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Bully Pulpit

The term "bully pulpit" stems from President Theodore Roosevelt's reference to the White House as a "bully pulpit," meaning a terrific platform from which to persuasively advocate an agenda. Roosevelt often used the word "bully" as an adjective meaning superb/wonderful. The Bully Pulpit features news, reasoned discourse, opinion and some humor.

Tuesday, October 25, 2011

Mitt Romney's Top 5 Contradicting Comments

(By AMY BINGHAM, ABC News) - As a two-time GOP presidential candidate, Mitt Romney has been in the national spotlight longer than most of his GOP rivals. And as the country has changed over the 17 years since Romney launched his first campaign, a bid for one of Massachusetts' Senate seats, so too have some of his policy positions.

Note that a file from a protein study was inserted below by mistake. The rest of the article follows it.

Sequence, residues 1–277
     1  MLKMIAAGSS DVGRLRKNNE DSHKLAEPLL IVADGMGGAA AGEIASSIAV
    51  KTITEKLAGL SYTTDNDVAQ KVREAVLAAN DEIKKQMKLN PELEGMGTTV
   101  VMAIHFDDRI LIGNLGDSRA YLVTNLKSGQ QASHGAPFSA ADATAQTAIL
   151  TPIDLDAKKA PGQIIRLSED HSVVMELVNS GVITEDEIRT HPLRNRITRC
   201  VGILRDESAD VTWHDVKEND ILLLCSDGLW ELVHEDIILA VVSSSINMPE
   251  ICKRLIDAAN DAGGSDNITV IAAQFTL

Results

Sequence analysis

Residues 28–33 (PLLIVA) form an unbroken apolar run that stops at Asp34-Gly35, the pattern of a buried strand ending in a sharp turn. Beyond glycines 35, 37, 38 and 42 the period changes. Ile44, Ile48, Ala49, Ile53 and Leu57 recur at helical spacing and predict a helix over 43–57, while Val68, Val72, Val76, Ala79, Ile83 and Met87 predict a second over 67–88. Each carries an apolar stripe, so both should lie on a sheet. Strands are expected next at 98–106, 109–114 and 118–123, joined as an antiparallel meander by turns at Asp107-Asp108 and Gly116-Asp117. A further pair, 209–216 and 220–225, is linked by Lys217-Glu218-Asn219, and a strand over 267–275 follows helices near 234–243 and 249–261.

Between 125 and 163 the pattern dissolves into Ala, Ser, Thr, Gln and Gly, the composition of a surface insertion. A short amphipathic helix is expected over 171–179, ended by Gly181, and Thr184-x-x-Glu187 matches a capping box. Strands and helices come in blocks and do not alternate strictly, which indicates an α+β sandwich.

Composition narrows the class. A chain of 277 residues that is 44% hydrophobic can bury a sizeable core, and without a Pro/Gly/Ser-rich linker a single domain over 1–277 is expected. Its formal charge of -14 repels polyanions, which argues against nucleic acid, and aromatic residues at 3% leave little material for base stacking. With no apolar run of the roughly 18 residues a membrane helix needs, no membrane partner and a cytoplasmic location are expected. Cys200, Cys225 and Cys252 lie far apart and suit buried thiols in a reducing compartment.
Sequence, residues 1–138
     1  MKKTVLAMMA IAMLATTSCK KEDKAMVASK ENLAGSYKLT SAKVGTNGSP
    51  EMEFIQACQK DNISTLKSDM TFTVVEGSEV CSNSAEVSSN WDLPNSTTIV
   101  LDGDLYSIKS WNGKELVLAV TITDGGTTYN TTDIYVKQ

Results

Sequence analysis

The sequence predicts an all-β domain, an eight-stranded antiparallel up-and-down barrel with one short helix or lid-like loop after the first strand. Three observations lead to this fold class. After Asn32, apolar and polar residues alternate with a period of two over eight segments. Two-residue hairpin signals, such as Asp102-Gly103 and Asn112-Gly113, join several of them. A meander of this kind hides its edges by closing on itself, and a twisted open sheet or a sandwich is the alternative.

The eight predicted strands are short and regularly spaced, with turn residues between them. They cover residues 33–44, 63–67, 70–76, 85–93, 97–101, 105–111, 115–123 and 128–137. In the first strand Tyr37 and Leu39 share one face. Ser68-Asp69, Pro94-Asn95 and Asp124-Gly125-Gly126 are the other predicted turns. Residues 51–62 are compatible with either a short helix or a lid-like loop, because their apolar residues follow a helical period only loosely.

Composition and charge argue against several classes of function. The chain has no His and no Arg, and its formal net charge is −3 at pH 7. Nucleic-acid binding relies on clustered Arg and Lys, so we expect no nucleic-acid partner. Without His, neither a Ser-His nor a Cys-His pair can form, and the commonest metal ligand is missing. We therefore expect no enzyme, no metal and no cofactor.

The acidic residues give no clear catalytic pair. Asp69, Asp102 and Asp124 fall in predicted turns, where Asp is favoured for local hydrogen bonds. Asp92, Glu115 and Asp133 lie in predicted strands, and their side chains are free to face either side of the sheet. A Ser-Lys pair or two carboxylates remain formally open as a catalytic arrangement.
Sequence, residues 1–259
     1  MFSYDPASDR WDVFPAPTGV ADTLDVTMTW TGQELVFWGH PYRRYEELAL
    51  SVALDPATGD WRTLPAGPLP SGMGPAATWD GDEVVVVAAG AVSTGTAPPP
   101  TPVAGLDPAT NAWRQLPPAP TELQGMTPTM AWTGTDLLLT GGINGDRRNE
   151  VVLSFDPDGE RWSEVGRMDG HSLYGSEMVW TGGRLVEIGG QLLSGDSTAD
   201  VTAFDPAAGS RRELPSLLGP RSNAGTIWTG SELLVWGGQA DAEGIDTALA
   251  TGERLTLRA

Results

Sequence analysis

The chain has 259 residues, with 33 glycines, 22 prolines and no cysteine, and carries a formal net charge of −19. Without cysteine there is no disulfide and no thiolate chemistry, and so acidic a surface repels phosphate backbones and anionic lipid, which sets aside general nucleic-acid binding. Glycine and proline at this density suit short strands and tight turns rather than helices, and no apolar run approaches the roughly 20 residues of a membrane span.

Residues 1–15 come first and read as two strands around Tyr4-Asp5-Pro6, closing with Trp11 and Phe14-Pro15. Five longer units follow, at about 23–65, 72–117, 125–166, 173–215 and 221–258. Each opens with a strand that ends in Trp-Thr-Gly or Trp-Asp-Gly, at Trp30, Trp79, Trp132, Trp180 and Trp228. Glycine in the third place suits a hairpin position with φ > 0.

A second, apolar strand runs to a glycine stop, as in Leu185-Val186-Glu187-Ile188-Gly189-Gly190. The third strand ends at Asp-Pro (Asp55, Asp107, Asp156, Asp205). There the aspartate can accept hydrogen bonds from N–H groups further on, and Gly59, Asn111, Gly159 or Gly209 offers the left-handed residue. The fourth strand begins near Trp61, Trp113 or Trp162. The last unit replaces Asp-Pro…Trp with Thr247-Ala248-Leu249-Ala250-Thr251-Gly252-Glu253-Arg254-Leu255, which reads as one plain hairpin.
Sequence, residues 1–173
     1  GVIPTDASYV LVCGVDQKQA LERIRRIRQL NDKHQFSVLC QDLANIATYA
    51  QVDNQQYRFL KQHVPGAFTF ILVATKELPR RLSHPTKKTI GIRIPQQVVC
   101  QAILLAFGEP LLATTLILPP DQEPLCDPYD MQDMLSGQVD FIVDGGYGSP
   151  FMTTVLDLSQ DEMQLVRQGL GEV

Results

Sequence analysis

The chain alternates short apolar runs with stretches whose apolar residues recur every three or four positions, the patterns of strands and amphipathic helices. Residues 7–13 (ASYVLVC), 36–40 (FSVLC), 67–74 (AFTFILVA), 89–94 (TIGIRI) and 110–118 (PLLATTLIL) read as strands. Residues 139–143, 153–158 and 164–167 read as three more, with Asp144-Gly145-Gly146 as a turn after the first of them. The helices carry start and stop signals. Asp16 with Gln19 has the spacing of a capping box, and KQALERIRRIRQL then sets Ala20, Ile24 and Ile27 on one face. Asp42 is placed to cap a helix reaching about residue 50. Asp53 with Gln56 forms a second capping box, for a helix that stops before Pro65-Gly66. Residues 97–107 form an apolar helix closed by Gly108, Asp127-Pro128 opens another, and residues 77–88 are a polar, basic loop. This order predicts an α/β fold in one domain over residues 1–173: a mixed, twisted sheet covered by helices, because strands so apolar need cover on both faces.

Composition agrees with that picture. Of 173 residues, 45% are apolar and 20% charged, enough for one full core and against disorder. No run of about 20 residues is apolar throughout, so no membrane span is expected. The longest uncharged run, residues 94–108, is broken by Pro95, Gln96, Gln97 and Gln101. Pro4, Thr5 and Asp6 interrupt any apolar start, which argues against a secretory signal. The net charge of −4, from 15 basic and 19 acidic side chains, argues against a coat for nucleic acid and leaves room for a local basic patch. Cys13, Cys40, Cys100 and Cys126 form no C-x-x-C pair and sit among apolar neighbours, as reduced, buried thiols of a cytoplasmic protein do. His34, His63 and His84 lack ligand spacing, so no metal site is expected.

Whether it is his conflicting comments about Massachusetts health care legislation or his shifting statements on abortion, Romney's rival White House hopefuls have blasted the former Massachusetts governor for changing his tune.

Texas Gov. Rick Perry, for example, has launched two ads attacking Romney for being "misleading" and having "flip-flopped on so many issues." And Minnesota Rep. Michele Bachmann blasted Romney, although not by name, over his stance on abortion, saying in June that it was "not the time for Republicans to put up a candidate who is weak on this issue and has a history of flip-flopping on this issue."


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